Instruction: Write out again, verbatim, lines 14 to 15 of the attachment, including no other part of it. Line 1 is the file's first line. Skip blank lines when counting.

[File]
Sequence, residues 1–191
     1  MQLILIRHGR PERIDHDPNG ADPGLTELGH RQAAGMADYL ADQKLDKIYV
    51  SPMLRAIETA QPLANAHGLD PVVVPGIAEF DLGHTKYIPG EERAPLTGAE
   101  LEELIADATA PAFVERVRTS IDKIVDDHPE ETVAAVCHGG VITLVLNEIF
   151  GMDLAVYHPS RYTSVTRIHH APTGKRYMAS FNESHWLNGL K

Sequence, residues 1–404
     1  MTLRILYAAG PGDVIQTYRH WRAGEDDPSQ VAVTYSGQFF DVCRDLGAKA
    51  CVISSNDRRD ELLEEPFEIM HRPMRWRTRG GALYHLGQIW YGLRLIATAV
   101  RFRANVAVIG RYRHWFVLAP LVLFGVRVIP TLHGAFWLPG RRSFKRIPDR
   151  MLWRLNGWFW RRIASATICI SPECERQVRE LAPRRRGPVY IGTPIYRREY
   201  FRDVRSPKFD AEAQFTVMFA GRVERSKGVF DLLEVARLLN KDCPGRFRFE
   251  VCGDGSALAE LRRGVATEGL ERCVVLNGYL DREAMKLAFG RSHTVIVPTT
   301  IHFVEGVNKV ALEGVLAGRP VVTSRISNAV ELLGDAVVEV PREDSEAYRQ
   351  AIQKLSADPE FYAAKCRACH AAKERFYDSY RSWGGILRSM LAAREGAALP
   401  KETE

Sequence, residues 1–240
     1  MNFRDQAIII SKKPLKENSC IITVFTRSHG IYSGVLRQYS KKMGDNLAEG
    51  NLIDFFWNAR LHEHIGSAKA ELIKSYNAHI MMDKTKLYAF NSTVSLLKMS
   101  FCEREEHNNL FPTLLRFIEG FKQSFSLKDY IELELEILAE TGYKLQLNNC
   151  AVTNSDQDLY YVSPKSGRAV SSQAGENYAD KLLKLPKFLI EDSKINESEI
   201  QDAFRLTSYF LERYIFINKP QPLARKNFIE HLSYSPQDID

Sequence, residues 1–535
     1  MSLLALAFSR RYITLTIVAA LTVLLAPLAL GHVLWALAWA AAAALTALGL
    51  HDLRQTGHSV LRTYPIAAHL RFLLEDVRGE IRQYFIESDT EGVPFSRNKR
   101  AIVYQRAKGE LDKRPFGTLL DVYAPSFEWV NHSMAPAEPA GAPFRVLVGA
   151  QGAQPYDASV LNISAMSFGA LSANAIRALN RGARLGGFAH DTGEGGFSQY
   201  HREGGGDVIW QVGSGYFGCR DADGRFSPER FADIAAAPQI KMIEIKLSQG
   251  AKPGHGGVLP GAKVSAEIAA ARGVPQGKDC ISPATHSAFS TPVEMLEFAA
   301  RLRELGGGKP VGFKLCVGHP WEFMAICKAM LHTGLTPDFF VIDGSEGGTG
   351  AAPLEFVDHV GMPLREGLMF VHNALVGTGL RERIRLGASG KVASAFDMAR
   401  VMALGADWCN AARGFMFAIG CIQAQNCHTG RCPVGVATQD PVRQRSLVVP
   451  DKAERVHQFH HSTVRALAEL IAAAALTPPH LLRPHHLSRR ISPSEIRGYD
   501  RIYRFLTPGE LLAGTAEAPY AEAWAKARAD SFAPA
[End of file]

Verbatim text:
   351  AIQKLSADPE FYAAKCRACH AAKERFYDSY RSWGGILRSM LAAREGAALP
   401  KETE